Penn State showed everybody during the season that they were a second half team.
USC takes their first possession of the second half and goes three and out. It’s exactly what Penn State wanted.
The fireworks started once Penn State took over with the ball. All it took was one play. One.
Saquon Barkley, who was proving to be a thorn to the USC defense, immediately took the handoff from McSorely and ripped off a spectacular 79 yard run. The Nittany Lions had taken their first lead of the game at 28-27.
Momentum was again seized by Penn State.
The Penn State was responding as well. The Nittany Lions were flying around and laying big hits on the Trojan offense. Penn State had raised the physicality of the game and was challenging the Trojans to join them in this physical play.
At this point, the Trojans seemed a little reluctant to play a physical game. Pac-12 teams are not exactly known to play physical. The Trojans were going to use their team speed on defense to disrupt the Penn State offense. Sometime it works, sometimes crazy things happen.
If the big run by Barkley wasn’t enough. I mean, he left Trojan defenders on the ground trying to chase him down.
McSorely throws a deep ball to Chris Godwin which was initially tipped by the USC defender, but Godwin found the ball still in the air. He grabbed it and scampered 72 yards and in a blink of an eye Penn State was ahead 35-27.
USC didn’t know what hit them. Most fans were in a stunned frame of mind as well.
By the time the fourth quarter started we had the makings of a classic game. A classic offensive game that is. It was 49-35 Penn State.
Could USC get their defense to make stops? That was the question of the game to that point.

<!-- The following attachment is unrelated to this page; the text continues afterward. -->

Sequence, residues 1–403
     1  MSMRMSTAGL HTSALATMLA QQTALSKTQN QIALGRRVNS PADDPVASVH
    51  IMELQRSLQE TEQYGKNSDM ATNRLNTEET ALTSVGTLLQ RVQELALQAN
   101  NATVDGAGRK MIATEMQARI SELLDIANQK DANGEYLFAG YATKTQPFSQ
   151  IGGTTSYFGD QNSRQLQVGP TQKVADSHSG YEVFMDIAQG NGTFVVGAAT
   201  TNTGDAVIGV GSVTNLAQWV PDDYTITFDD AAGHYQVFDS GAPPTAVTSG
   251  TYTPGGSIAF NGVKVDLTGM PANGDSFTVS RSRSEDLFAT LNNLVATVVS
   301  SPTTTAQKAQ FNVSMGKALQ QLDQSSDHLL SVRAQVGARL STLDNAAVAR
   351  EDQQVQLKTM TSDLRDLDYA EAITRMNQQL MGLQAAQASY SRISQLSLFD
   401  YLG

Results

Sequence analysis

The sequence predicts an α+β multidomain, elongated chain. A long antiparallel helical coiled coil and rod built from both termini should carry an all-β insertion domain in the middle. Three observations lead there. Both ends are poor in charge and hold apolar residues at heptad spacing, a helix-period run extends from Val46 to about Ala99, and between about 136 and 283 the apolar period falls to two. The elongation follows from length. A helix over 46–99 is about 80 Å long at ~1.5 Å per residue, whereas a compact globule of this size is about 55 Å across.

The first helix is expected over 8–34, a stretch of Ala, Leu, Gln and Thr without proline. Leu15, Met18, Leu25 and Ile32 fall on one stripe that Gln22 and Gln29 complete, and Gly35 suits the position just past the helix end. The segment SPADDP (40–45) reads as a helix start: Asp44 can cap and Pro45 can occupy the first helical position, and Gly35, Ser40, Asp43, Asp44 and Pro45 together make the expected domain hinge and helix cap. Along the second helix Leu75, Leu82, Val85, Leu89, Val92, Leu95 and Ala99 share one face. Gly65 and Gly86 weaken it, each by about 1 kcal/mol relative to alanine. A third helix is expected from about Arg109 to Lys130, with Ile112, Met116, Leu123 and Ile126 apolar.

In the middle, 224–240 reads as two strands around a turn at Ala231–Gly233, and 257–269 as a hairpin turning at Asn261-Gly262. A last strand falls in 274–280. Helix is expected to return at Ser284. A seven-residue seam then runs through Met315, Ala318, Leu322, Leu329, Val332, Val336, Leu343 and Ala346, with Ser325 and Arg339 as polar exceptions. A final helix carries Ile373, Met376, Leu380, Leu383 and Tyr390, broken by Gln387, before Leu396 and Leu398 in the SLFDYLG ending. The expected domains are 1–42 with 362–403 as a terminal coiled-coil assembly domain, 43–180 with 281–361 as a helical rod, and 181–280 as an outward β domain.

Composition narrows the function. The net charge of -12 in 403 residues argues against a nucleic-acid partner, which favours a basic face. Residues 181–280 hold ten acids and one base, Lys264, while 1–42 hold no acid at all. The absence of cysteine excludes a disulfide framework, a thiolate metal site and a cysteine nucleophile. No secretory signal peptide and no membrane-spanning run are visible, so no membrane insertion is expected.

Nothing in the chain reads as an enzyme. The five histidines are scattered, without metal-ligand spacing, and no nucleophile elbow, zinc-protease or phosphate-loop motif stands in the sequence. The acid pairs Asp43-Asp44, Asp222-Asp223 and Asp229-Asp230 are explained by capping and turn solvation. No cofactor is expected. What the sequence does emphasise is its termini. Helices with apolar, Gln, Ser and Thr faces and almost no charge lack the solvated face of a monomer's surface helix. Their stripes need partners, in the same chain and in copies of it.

If you don’t know who Sam Darnold is. You better get to know who he is. He’ll be on early Heisman watch lists entering into next season.
He showed his steadiness, buy taking the Trojans on a 10 play, 83 yard drive. Ronald Jones II scored the touchdown that closed the gap to 49-42 Penn State.
Like I stated earlier, USC had to make defensive stops to get the ball back.
The Trojans got the stop they so desperately needed.
Sam Darnold had to get his Trojan offense 80 yards downfield to tie the game.
In a quick three play drive, Darnold threw a dart of a touchdown pass to Deonta Burnett to even the score at 49-49. This was a Pac-12 After Dark type of game where anything and everything would happen. It did.
Penn State takes over and it may have seemed like the Nittany Lions may just try and take their chances in overtime. Nope.
The Penn State tried to get down the field to score and win the game. First deep pass is nearly intercepted. The second pass was intercepted and returned deep into Penn State territory. Penn State fans and everybody else couldn’t believe what they were seeing.
USC runs one play and then marches out their kicker. The next play, the kicker drills it and the Trojans walk off the field with a 52-49 win.
In the end, the Trojans made the plays they had to make to come out victorious. Penn State was left with the thought of what might have been.